How many composers can rightfully claim to have single-handedly invented a genre? Not that many, in fact, but Felix Mendelssohn would certainly be a strong candidate with his “Songs without Words.” Although Mendelssohn relied on an existing tradition of writing short lyrical pieces for the piano, the “wordless song” was entirely new. He first mentioned that term in an 1828 letter to his sister Fanny, explaining that “what the music I love expresses to me, is not thought too indefinite to put into words, but on the contrary, too definite.”
Novello in London published the first of eight volumes of “Lieder ohne Worte” in 1832, and for pianists of varying abilities and domestic music making, these publications were a bombshell. Hugely popular with a wide audience throughout Europe, the “Lieder ohne Worte” were also highly regarded by fellow composers who imitated the style and sometimes adopted his title for them as well.
Mendelssohn: Lieder ohne Worte (Songs without Words), Book 1, Op. 19b (Daniel Barenboim, piano)
The “Trois Romances sans paroles” by Gabriel Fauré probably date from 1863/64, but they had to wait almost twenty years before they were published in 1880 as his Opus 17. The title clearly references the “Lieder ohne Worte” by Mendelssohn, which had been translated as “Romance sans paroles” in the first French edition in the 1830s. These highly original and exquisitely crafted musical jewels seem to date from Fauré’s time at the Ecole Niedermeyer. It was Camille Saint-Saëns, who took charge of piano studies and recalled, “After allowing the lessons to run over, he would go to the piano and reveal to us those works of the masters Schumann, Mendelssohn, Liszt and Wagner from which the rigorous classical nature of our programme of study kept us at a distance.” Fauré’s gift for melody is amply apparent, while the accompaniment avoids any trace of virtuosity. Yet, these miniatures are exquisitely colored in translucent and unexpected harmonies that mimic not only Mendelssohn but also Schumann, a composer for whom
Fauré professed unswerving admiration.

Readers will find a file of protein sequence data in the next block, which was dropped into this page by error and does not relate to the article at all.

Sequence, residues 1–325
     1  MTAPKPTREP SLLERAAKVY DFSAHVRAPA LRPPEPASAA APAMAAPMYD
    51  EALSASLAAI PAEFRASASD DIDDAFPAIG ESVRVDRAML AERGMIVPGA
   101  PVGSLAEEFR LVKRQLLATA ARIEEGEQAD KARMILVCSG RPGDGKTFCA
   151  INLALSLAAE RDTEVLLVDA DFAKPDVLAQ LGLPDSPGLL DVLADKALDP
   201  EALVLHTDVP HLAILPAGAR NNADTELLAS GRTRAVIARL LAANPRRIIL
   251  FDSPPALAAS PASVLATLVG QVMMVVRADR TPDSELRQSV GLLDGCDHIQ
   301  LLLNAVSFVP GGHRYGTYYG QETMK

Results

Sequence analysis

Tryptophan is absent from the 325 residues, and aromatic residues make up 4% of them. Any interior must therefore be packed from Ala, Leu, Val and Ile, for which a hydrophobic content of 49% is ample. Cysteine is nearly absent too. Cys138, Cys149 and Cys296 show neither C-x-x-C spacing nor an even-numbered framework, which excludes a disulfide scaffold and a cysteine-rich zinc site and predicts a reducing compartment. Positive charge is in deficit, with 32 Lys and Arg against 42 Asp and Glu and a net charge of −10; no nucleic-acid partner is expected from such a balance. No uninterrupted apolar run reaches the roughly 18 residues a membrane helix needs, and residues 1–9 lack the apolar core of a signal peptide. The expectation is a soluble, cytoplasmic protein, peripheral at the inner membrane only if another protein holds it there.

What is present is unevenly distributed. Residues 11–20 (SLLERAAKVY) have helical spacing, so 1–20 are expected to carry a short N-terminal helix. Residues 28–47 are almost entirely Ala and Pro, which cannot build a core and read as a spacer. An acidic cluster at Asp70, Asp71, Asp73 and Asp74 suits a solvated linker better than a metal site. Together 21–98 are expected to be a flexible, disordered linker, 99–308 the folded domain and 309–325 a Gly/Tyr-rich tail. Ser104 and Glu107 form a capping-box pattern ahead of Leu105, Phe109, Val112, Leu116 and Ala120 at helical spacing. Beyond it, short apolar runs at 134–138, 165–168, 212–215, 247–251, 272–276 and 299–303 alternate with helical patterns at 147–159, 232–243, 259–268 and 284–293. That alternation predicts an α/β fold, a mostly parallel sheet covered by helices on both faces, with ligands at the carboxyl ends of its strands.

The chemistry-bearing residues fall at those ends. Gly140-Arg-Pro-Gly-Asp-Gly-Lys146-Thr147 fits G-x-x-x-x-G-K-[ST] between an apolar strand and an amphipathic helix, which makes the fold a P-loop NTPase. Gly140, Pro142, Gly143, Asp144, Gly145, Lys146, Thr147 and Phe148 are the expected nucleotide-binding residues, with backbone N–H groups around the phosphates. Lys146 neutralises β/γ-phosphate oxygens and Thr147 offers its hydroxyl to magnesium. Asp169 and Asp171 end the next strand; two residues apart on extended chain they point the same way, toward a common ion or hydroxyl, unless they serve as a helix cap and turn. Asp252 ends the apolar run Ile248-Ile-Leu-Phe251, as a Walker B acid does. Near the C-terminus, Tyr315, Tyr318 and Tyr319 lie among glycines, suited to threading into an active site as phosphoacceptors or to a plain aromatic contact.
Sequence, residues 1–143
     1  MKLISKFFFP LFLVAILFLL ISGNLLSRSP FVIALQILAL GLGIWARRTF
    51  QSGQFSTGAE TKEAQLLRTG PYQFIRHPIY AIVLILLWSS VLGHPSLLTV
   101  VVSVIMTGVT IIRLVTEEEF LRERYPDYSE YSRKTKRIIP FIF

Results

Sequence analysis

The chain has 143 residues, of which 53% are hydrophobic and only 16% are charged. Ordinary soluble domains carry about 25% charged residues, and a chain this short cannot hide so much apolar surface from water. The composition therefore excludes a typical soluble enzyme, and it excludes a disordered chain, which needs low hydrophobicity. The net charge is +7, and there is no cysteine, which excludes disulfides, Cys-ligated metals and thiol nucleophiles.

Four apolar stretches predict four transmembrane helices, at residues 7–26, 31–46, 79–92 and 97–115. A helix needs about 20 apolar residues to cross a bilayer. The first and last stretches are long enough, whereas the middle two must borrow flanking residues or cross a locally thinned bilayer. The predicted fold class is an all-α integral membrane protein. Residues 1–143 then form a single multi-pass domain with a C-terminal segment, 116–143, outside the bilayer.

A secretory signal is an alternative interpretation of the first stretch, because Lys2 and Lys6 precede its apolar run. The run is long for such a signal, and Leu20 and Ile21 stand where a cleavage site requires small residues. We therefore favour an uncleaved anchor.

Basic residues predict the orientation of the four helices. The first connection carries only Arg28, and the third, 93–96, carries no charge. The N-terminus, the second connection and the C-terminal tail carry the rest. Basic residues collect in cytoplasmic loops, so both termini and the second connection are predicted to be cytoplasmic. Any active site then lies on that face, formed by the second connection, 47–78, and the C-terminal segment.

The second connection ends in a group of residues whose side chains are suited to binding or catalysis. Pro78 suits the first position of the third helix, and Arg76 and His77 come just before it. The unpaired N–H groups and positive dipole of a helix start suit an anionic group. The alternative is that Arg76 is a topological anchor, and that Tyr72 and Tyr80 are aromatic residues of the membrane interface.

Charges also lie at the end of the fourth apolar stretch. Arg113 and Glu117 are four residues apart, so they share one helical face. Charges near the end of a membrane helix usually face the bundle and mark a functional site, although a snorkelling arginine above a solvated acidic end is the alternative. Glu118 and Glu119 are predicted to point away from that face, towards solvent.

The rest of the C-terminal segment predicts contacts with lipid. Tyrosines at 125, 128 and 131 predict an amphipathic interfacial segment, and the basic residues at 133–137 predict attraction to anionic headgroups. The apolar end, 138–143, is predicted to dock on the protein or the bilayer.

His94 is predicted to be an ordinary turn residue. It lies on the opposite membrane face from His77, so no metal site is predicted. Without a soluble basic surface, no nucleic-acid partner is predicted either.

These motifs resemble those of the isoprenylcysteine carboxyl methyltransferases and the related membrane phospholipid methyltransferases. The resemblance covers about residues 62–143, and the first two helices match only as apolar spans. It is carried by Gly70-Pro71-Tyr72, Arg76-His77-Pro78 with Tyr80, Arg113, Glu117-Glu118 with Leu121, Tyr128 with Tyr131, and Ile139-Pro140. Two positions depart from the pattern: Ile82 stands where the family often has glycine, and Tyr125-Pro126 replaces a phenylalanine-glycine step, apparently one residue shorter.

Gabriel Fauré: 3 Romances sans paroles, Op. 17 (Nicolas Stavy, piano)
It might well have been the case of the student influencing the master, as Camille Saint-Saëns composed his single Romance sans paroles in 1871. The work was not actually published until 1903. Issued without opus number, the Lied melody appears in the middle register of the piano, accompanied by chords surrounding it in high and low registers. The gentle salon music character in this opening section is unmistakable, but Saint-Saëns clothes his sparse and lonely melody in a veil of increasing harmonic richness. In the central section, the key shifts to the major mode and Saint-Saëns ingeniously varies his musical language to produce wonderful inflections of color and sonority.
Camille Saint-Saëns: Romance sans paroles (Geoffrey Burleson, piano)
Every pianist in Paris seemed to have taken up the “Romance sans Paroles” genre. Charles Gounod published five of his transcribed mélodies and published them with this title.
And when Tchaikovsky visited Paris, he observed, “you hear something new, sometimes very interesting, fresh, strong. Bizet is, of course, head and shoulders above them all. He is an artist who pays tribute to his century and the present, yet glows with genuine inspiration.” Bizet was an exceptional pianist, and an unbelievable sight-reader. A critic wrote in 1863, “his talents as a pianist is so great that no difficulty can stop him when sight-reading orchestral scores. After Liszt and Mendelssohn one could see few of his ability.” Bizet wrote relatively little for the piano as he enjoyed trying out a variety of different genres. The Chants du Rhin (Songs of the Rhine), subtitled “Lieder sans paroles” is a cycle of six dreamy miniatures. The set is symmetrically grouped around “La bohémienne” as the central piece, framed by two meditatively yearning pieces and two vividly exuberant ones, with “L’aurore” serving as an introduction.
Bizet: Chants du Rhin (Peter Vanhove, piano)